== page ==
The 2015 United Kingdom Strategic Defense and Security Review ostensibly bolstered the F-35 program by accelerating B-model deliveries, but its simultaneous embrace of the Typhoon and refusal to commit to its original 138-plane buy casts doubt on the rosy future of the F-35 in Britain—and also in countries considering both the F-35 and the Typhoon.
Denmark postponed its decision to late spring to replace F-16s following public criticism, and its total buy could be 24 aircraft rather than the originally planned 48 planes. Belgium’s F-16 replacement competition was once dominated by the F-35 because Belgium required a nuclear-capable aircraft. But that requirement was removed, and the competition is now wide open.
Elsewhere, the Norwegian purchase remains flat at 28 planes out of an original requirement of 52 despite desperate pleas from the Norwegian military to its parliament to commit to the full order. Low oil prices and weak currency have re-ignited Norwegian political battles over the jet’s future, with a possible decline to 42 total jets recently floated.
In Israel, a Defense Minister-approved buy of 51 JSF airframes was nixed, and the Israeli Defense Forces have only been given funding authority for 33 aircraft—not even enough for two full squadrons. Of late, rumors surrounding Tel Aviv’s acquisition of B-model F-35s has increased, despite the fact that the F-35B was once only considered a luxury add-on once Israel had bought 52 A-models.
The Next Administration Will Cement the Joint Strike Fighter’s Fate
Once the first partner nation pulls out of the program, like Canada, or slashes its planned purchase of the JSF, others countries will be more likely to reexamine their own investments in the program. Pentagon leaders know this, and it’s one of the primary reasons political leaders at the Defense Department have so solidly united behind the Joint Strike Fighter and attempted to highlight only positive news about the program. But a passing of the baton at the Pentagon is about to be underway—even if a Democrat maintains the White House—and this will include a fresh and most likely skeptical re-look at the F-35.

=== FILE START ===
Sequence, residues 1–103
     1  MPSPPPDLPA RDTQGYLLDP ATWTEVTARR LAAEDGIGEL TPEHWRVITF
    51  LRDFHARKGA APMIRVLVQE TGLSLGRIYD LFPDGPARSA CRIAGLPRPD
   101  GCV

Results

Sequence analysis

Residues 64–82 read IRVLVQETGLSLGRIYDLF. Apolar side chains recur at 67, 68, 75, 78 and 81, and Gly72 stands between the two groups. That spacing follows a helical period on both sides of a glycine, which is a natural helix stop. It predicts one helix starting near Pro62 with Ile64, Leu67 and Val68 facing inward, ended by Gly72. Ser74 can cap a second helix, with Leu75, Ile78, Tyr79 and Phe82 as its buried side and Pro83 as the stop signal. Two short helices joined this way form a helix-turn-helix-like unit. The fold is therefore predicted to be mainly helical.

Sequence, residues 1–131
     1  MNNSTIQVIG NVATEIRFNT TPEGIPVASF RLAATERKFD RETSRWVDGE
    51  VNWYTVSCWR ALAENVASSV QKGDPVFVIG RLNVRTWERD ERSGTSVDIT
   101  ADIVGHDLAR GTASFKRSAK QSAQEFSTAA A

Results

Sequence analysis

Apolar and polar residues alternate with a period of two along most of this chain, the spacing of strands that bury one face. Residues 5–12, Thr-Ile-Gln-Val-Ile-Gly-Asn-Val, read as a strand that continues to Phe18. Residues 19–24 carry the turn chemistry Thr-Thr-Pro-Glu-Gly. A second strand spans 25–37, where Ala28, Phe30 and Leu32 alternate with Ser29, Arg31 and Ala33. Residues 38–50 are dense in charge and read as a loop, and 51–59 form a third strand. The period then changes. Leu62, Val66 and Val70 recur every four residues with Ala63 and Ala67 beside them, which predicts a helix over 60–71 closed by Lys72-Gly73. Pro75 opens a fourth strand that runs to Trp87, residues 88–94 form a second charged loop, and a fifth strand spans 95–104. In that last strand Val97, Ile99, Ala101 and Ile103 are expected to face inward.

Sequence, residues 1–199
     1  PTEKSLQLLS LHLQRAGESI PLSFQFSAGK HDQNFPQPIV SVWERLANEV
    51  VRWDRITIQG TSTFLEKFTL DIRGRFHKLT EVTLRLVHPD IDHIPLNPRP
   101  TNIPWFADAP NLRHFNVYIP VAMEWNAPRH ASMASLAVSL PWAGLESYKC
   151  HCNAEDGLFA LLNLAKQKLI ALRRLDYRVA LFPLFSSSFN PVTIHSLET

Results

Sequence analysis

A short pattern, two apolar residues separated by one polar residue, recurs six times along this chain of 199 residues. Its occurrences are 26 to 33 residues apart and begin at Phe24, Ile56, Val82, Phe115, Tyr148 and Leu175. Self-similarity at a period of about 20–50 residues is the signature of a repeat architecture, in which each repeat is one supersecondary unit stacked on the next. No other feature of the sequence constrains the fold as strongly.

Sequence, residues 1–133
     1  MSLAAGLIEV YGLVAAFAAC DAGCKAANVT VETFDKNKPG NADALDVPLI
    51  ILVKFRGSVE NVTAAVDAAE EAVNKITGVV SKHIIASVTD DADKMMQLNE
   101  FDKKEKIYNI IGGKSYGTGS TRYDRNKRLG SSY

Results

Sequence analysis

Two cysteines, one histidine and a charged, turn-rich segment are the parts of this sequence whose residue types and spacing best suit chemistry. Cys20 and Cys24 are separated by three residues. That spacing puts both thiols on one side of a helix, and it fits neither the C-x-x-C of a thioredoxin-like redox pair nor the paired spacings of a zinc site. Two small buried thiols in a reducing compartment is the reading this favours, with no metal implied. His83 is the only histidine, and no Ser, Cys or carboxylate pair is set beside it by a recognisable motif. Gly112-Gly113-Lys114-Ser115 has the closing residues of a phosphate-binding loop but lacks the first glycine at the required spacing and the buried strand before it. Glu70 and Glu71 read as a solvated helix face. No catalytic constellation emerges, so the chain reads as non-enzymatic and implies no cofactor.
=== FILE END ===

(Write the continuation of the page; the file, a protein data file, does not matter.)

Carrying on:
While the F-35 program seems to have achieved a comfortable cruising altitude recently, the program faces heightened domestic and international uncertainty in the coming years. The next administration will confront continued budget handcuffs, an ever-rising nuclear recapitalization bill, and a tri-service deferred modernization bow wave. Each of these challenges will demand significant resources be reallocated under the defense topline to an extent thus far avoided since the Budget Control Act was passed in 2011—putting at risk current JSF procurement plans.
Ms. Eaglen is a resident fellow in the Marilyn Ware Center for Security Studies at the American Enterprise Institute.Back to Top